The following step will teach you how to define variables, and store values inside a procedure. You must declare them explicitly at the start of the BEGIN/END block, along with their data types. Once you’ve declared a variable, you can use it anywhere that you could use a session variable, or literal, or column name.
Declare a variable using the following syntax:
DECLARE varname DATA-TYPE DEFAULT defaultvalue;
Let’s declare a few variables:
DECLARE a, b INT DEFAULT 5; DECLARE str VARCHAR(50); DECLARE today TIMESTAMP DEFAULT CURRENT_DATE; DECLARE v1, v2, v3 TINYINT;
Working with variables
DELIMITER // CREATE PROCEDURE `var_proc` (IN paramstr VARCHAR(20)) BEGIN DECLARE a, b INT DEFAULT 5; DECLARE str VARCHAR(50); DECLARE today TIMESTAMP DEFAULT CURRENT_DATE; DECLARE v1, v2, v3 TINYINT; INSERT INTO table1 VALUES (a); SET str = 'I am a string'; SELECT CONCAT(str,paramstr), today FROM table2 WHERE b >=5; END //
Step 5 Flow Control Structures
MySQL supports the IF, CASE, ITERATE, LEAVE LOOP, WHILE and REPEAT constructs for flow control within stored programs. We’re going to review how to use IF, CASE and WHILE specifically, since they happen to be the most commonly used statements in routines.
With the IF statement, we can handle tasks which involves conditions:
DELIMITER // CREATE PROCEDURE `proc_IF` (IN param1 INT) BEGIN DECLARE variable1 INT; SET variable1 = param1 + 1; IF variable1 = 0 THEN SELECT variable1; END IF; IF param1 = 0 THEN SELECT 'Parameter value = 0'; ELSE SELECT 'Parameter value <> 0'; END IF; END //
The CASE statement is another way to check conditions and take the appropriate path. It’s an excellent way to replace multiple IF statements. The statement can be written in two different ways, providing great flexibility to handle multiple conditions.
DELIMITER // CREATE PROCEDURE `proc_CASE` (IN param1 INT) BEGIN DECLARE variable1 INT; SET variable1 = param1 + 1; CASE variable1 WHEN 0 THEN INSERT INTO table1 VALUES (param1); WHEN 1 THEN INSERT INTO table1 VALUES (variable1); ELSE INSERT INTO table1 VALUES (99); END CASE; END //
DELIMITER // CREATE PROCEDURE `proc_CASE` (IN param1 INT) BEGIN DECLARE variable1 INT; SET variable1 = param1 + 1; CASE WHEN variable1 = 0 THEN INSERT INTO table1 VALUES (param1); WHEN variable1 = 1 THEN INSERT INTO table1 VALUES (variable1); ELSE INSERT INTO table1 VALUES (99); END CASE; END //
:There are technically three standard loops: WHILE loops, LOOP loops, and REPEAT loops. You also have the option of creating a loop using the “Darth Vader” of programming techniques: the GOTO statement. Check out this example of a loop in action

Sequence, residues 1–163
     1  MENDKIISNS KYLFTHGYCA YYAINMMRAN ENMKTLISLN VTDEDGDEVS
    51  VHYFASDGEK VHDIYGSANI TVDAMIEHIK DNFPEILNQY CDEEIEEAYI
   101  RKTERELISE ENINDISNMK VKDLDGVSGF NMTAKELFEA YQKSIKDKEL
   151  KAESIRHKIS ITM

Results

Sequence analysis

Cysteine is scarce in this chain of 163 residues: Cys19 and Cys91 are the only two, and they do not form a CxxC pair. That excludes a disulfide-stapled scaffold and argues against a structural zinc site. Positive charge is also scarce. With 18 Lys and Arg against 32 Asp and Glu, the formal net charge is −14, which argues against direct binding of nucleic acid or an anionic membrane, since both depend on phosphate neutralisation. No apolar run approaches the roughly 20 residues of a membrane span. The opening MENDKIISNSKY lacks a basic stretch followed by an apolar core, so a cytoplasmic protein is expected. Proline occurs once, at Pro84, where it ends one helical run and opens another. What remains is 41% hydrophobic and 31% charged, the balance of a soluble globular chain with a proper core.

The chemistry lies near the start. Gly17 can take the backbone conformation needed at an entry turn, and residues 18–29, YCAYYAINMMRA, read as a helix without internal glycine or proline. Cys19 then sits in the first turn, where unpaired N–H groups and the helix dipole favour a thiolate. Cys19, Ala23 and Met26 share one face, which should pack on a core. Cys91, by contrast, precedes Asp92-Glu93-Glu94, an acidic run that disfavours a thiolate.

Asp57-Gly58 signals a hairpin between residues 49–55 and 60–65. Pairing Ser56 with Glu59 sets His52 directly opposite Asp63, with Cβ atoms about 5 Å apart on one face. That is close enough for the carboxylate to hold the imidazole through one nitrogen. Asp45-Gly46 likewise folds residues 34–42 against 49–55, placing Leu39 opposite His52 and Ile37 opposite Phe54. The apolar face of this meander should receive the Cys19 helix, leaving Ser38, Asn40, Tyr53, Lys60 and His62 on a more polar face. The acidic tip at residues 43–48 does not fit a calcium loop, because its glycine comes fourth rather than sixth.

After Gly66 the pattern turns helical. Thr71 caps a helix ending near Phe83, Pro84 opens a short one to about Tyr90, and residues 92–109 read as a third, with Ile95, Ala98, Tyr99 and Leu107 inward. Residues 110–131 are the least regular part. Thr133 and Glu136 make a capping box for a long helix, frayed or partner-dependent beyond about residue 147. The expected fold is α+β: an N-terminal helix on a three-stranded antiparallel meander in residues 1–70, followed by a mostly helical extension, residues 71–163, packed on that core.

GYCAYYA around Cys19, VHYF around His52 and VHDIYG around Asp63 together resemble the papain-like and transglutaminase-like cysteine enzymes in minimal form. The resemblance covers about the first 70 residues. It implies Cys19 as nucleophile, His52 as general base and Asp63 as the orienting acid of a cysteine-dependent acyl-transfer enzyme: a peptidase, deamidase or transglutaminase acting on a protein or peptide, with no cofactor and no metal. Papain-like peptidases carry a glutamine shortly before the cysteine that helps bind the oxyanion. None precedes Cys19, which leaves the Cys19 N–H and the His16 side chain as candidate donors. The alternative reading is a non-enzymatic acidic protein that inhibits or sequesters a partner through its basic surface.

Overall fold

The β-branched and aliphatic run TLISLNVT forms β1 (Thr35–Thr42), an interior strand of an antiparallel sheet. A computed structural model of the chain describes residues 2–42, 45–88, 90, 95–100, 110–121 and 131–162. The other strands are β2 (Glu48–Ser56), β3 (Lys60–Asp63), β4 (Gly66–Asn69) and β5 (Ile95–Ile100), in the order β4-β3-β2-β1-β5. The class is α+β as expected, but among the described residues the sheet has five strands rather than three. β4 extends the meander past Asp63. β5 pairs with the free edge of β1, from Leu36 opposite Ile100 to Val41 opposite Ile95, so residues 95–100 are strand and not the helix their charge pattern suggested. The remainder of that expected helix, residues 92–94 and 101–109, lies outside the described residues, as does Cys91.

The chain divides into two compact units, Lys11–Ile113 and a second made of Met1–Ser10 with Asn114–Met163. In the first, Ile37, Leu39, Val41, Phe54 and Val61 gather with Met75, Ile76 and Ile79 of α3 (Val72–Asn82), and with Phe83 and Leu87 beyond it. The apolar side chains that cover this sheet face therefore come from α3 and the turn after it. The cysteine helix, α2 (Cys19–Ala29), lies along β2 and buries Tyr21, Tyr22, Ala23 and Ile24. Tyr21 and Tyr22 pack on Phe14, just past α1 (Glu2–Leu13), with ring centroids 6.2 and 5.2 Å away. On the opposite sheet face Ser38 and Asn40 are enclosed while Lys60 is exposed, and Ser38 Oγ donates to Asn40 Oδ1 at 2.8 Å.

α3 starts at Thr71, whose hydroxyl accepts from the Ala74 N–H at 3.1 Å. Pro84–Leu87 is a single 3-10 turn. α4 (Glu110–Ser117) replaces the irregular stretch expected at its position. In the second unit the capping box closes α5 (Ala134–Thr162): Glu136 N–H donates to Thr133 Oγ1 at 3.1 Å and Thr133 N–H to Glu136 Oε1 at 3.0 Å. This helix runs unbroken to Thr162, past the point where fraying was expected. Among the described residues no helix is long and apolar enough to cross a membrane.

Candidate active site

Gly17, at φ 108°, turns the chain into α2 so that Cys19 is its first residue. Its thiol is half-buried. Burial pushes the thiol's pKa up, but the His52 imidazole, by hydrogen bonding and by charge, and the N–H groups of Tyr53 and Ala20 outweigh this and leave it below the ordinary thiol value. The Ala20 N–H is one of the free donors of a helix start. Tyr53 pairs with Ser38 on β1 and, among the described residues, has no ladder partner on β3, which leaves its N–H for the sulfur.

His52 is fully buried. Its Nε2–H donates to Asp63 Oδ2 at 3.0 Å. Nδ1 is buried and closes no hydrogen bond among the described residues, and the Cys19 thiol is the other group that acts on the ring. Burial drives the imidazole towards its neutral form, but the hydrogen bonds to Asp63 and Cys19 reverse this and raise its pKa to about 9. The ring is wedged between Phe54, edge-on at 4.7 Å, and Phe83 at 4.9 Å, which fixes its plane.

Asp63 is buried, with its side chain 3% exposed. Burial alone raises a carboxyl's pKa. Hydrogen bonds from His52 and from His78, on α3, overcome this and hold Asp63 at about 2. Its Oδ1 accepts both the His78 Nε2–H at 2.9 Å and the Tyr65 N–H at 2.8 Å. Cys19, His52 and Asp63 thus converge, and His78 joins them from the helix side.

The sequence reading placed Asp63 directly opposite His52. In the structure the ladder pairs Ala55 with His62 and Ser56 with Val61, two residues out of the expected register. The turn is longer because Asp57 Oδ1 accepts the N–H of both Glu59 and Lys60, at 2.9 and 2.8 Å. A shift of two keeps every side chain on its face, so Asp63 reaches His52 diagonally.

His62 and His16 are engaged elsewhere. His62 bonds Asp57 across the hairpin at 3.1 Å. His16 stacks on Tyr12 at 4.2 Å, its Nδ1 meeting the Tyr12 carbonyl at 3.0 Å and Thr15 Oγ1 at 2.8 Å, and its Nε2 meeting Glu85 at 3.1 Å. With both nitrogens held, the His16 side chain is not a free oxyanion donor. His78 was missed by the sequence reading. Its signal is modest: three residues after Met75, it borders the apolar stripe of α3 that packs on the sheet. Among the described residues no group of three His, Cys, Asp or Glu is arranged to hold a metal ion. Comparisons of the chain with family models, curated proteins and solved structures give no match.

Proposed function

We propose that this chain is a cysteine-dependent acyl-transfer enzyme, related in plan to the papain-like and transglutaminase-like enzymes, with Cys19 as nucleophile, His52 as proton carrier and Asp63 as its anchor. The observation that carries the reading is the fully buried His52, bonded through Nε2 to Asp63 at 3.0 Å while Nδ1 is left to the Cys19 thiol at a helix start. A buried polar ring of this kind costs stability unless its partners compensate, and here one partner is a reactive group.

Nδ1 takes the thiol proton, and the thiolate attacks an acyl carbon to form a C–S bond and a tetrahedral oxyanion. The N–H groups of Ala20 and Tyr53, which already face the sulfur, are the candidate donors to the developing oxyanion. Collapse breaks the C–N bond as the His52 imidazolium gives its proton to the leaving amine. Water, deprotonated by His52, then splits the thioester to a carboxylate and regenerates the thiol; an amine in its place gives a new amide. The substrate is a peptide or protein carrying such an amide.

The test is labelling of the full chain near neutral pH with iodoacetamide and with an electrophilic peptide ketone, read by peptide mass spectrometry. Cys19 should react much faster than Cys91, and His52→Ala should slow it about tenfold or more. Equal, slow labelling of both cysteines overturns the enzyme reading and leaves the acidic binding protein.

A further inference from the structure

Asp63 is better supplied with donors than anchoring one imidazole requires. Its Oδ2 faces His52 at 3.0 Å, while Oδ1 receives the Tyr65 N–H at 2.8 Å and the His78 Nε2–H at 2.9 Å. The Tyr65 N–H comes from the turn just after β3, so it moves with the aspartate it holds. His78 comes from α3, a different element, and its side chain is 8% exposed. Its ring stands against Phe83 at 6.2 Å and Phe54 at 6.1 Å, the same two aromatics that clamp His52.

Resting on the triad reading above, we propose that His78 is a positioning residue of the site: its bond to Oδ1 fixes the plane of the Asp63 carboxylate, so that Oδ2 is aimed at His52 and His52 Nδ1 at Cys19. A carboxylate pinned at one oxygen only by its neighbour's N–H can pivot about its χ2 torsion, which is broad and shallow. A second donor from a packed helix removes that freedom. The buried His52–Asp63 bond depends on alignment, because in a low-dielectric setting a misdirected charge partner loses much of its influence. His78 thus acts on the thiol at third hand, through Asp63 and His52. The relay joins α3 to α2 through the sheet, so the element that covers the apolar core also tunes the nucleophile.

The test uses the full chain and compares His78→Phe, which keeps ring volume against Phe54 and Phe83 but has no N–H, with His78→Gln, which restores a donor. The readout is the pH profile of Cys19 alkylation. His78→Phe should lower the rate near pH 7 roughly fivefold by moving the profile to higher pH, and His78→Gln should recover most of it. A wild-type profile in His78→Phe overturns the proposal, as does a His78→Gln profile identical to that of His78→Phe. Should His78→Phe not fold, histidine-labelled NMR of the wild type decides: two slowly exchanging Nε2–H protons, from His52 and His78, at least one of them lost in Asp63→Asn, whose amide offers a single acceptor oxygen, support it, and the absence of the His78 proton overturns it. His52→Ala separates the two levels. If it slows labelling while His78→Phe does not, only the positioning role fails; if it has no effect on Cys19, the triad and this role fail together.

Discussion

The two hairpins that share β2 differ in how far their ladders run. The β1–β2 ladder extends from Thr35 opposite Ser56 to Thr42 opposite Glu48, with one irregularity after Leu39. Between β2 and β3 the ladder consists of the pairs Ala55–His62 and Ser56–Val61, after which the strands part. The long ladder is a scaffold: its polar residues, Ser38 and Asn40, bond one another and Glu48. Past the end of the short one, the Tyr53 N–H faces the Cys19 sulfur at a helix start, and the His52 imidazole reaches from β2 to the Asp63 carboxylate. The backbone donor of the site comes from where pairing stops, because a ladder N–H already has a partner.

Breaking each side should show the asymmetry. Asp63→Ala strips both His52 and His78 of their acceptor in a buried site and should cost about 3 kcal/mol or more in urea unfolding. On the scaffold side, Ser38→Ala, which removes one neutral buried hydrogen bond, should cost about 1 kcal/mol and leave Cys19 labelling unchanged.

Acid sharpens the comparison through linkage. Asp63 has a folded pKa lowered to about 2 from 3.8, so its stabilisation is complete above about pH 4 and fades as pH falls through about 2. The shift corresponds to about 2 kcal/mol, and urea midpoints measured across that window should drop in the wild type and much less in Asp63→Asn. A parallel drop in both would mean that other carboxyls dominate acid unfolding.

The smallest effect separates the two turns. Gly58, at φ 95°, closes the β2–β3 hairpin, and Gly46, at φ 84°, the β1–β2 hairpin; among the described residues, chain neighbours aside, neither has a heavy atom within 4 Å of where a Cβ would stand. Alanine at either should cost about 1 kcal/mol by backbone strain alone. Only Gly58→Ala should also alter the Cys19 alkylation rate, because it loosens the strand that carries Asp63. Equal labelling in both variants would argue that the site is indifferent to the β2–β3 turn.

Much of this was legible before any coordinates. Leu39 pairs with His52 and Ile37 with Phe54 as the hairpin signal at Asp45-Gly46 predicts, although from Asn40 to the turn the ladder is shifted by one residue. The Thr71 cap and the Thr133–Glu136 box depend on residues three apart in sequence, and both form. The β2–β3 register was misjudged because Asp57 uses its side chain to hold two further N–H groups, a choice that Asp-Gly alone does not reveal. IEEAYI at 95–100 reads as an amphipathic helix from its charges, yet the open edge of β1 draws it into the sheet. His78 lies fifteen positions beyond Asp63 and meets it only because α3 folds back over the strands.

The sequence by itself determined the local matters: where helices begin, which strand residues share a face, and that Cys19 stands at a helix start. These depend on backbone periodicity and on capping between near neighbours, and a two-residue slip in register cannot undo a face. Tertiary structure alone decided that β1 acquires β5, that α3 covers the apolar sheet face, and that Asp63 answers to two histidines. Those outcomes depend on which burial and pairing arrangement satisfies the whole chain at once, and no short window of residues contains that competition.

DELIMITER // CREATE PROCEDURE `proc_WHILE` (IN param1 INT) BEGIN DECLARE variable1, variable2 INT; SET variable1 = 0; WHILE variable1 < param1 DO INSERT INTO table1 VALUES (param1); SELECT COUNT(*) INTO variable2 FROM table1; SET variable1 = variable1 + 1; END WHILE; END //
Cursor is used to iterate through a set of rows returned by a query and process each row
MySQL supports cursor in stored procedures. Here’s a summary of the essential syntax to create and use a cursor.
DECLARE cursor-name CURSOR FOR SELECT ...; /*Declare and populate the cursor with a SELECT statement */ DECLARE CONTINUE HANDLER FOR NOT FOUND /*Specify what to do when no more records found*/ OPEN cursor-name; /*Open cursor for use*/ FETCH cursor-name INTO variable [, variable]; /*Assign variables with the current column values*/ CLOSE cursor-name; /*Close cursor after use*/
In this example, we’ll perform some simple operations using a cursor:
DELIMITER // CREATE PROCEDURE `proc_CURSOR` (OUT param1 INT) BEGIN DECLARE a, b, c INT; DECLARE cur1 CURSOR FOR SELECT col1 FROM table1; DECLARE CONTINUE HANDLER FOR NOT FOUND SET b = 1; OPEN cur1; SET b = 0; SET c = 0; WHILE b = 0 DO FETCH cur1 INTO a; IF b = 0 THEN SET c = c + a; END IF; END WHILE; CLOSE cur1; SET param1 = c; END //
Cursor has three important properties that you need to be familiar with in order to avoid unexpected results:
- Asensitive : Once open, the cursor will not reflect changes in its source tables. In fact, MySQL does not guarantee the cursor will be updated, so you can’t rely on it.
- Read Only : Cursors are not updatable.
- Not Scrollable : Cursors can be traversed only in one direction, forward, and you can’t skip records from fetching.
In this lesson, we covered the fundamentals of stored procedures and some specific properties pertaining to them. Of course, you should continue your studies in areas like security, SQL statements, and performance before you can master MySQL routines.
You have to evaluate the advantages that stored procedures can potentially bring to your applications, and then make a reasonable implementation that fits your requirements. I generally use procedures; their benefits in terms of security, code maintenance and software design make them worthy of use, in my opinion. Additionally, remember that procedures in MySQL are still a work in progress. You should fully expect improvements, in terms of functionality and performance in the future. Please don’t hesitate to comment and share your ideas and opinions.